Copenhagen is the capital of the Kingdom of Denmark and is situated on the east coast of Sæland Island on the Öresund, the link between the North Sea and the Baltic. It is a European capital of culture, home country of the Little Mermaid and a successful combination of Scandinavian elegance and Middle-European joie de vivre.
In 1167 Bishop Absalon Of Roskilde was granted by King Valdemar an area of land on Öresund to which the small settlement of Havn also belonged. For the protection of both fishermen and traders he built a fortress and the settlement developed into Kobmandshavn, the Harbour Of The Traders. Copenhagen was born and the fortress was continuously enlarged until in 1376 a castle was built on its foundation.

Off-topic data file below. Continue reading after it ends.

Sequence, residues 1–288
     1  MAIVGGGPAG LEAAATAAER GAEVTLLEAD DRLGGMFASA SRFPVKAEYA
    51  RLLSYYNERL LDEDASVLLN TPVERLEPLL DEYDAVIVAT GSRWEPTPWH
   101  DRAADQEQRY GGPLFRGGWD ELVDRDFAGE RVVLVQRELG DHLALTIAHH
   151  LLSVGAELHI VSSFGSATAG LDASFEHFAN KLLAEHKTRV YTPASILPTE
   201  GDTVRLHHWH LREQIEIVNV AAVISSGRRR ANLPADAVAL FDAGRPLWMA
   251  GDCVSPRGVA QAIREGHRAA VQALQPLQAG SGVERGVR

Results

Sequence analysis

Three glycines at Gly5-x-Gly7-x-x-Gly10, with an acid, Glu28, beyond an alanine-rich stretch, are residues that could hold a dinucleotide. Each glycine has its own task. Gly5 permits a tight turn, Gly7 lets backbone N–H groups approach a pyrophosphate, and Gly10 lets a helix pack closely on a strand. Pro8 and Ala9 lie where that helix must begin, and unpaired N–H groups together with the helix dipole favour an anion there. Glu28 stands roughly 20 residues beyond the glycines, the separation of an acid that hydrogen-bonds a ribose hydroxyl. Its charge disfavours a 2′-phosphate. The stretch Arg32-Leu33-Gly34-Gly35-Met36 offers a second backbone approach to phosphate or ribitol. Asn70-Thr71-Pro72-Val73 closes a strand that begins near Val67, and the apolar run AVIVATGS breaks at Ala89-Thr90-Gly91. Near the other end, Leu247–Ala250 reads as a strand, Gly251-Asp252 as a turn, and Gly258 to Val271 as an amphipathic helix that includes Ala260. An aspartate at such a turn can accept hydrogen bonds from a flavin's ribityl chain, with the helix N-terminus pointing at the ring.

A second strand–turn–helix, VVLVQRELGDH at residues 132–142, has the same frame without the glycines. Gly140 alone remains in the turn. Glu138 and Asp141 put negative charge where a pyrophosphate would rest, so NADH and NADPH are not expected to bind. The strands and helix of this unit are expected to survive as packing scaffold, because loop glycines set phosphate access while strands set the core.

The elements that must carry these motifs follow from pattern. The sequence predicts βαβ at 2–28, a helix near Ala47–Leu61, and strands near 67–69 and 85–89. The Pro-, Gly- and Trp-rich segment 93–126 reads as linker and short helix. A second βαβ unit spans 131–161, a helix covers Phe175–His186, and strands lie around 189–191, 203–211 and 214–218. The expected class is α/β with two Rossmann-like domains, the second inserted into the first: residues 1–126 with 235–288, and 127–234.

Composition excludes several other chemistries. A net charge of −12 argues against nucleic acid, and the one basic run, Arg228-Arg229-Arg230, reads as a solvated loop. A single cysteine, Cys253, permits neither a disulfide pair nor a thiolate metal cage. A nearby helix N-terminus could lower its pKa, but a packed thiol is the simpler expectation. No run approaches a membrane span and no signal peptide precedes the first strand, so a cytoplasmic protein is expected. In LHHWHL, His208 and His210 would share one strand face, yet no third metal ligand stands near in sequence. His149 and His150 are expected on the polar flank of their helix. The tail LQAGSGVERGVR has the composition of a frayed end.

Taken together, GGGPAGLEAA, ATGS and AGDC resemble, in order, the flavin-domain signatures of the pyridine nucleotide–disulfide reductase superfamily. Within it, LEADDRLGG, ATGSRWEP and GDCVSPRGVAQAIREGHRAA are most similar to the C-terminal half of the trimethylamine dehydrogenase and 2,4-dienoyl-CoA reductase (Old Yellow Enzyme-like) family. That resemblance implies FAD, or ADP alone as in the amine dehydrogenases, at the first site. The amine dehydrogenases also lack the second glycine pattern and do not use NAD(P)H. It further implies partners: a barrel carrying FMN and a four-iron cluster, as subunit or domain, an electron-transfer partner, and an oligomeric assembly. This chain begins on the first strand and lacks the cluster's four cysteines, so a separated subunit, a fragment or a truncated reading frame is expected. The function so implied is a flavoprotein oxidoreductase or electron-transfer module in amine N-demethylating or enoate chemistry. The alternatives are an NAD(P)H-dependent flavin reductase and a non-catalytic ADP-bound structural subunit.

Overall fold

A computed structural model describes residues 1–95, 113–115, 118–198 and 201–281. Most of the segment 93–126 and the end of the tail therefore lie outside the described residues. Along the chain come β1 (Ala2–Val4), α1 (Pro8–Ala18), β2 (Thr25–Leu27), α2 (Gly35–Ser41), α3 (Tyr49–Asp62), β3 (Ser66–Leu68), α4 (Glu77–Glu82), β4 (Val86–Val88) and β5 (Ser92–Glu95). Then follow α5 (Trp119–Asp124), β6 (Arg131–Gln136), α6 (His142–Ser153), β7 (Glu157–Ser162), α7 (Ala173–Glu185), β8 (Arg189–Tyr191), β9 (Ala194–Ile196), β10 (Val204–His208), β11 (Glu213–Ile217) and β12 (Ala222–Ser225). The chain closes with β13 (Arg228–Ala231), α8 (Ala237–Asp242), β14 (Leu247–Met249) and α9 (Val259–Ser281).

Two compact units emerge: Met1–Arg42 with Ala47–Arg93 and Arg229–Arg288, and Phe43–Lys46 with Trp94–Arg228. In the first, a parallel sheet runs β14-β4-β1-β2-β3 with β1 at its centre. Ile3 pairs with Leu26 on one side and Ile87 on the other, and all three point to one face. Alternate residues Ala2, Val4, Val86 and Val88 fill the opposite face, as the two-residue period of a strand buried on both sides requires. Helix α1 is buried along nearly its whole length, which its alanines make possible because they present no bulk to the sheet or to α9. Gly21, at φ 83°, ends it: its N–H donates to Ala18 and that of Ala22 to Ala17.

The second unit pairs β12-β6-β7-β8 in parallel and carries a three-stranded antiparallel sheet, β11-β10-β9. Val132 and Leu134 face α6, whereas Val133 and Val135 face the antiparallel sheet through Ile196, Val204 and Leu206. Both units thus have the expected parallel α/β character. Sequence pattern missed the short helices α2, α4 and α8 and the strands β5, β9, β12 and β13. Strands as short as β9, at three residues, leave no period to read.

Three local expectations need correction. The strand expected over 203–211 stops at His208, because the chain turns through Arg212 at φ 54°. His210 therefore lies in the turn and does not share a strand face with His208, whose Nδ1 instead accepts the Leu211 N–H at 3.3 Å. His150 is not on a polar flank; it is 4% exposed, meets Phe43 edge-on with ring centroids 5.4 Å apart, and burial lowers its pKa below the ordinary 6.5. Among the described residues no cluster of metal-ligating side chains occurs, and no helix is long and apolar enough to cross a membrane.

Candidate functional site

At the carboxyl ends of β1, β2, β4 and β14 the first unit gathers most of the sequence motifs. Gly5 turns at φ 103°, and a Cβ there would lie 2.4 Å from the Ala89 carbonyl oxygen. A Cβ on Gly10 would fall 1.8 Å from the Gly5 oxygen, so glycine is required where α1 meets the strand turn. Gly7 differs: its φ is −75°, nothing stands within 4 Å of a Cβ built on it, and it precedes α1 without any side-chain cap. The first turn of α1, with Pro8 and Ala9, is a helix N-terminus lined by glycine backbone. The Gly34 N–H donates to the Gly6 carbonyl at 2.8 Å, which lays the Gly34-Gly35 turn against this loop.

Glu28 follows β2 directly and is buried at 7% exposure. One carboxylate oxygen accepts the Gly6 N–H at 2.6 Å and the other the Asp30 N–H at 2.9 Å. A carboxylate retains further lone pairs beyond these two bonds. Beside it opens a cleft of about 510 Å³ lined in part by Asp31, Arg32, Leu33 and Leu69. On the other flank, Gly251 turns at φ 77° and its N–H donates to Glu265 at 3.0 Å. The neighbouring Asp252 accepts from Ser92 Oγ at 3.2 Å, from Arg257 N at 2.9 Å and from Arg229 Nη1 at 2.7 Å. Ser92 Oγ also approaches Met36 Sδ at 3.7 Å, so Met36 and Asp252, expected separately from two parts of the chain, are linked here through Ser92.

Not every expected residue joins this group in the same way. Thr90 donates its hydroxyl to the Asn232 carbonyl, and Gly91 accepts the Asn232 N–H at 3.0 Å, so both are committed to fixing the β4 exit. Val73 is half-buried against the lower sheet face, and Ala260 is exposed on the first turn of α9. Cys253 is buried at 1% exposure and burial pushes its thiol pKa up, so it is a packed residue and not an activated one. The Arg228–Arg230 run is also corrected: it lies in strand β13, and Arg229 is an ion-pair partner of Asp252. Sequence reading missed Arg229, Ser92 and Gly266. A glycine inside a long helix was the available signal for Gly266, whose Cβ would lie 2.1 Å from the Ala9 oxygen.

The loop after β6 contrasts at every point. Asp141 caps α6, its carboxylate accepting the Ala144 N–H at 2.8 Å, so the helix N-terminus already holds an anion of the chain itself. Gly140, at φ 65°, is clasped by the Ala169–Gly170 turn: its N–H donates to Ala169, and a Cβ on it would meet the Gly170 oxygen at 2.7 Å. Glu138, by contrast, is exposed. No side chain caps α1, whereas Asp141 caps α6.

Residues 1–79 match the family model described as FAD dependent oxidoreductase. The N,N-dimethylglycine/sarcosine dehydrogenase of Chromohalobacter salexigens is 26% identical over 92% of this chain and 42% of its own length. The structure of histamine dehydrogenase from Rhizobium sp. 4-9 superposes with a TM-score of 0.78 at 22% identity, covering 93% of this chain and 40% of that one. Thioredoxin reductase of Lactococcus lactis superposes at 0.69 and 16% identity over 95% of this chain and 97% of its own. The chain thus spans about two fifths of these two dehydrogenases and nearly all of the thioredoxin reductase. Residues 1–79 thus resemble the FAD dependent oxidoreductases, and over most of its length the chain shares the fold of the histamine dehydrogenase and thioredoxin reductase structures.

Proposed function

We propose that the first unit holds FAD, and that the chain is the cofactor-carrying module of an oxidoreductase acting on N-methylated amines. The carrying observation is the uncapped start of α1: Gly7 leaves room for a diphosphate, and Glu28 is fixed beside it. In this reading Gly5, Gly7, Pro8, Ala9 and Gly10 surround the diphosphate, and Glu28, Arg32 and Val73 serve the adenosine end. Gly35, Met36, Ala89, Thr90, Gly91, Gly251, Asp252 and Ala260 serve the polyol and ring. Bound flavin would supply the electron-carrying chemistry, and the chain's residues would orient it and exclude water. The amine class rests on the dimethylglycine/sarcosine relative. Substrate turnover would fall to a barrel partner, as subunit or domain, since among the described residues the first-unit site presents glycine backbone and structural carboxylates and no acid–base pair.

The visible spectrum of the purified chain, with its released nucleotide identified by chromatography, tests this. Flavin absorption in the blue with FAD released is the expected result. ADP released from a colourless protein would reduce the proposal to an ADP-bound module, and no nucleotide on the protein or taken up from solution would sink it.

The huge Christiansborg Slot extends across the larger part of Slotsholmen, Castle Island and it has been Denmark’s power base for hundreds of years. The huge statue in the square features King Frederik The 7th on horseback, a monarch known in Danish history as the ‘King Of Democracy’.
Each day crowds of people make for Copenhagen’s world famous landmark, The Little Mermaid, created by artist Edward Eriksen. Tiny and elegant and seated on a stone she gazes yearningly across the sea oblivious to the city’s hustle and bustle.
The Rundetårn is an unusual building that was built at the command of the Renaissance king, Christian The Fourth. Its circular tower is thirty-six metres high and has a diameter of fifteen metres. In place of a conventional stairway royal architects Hans and Morten Van Steenwinkel constructed a winding two hundred and nine metre long ramp. Thus the somewhat rotund king was able to travel without difficulty by carriage to the astrological observatory at the top!
Copenhagen is a friendly metropolis in which tolerance and openness are the order of the day, a ‘City On The Sea’ that fascinates all who experience it.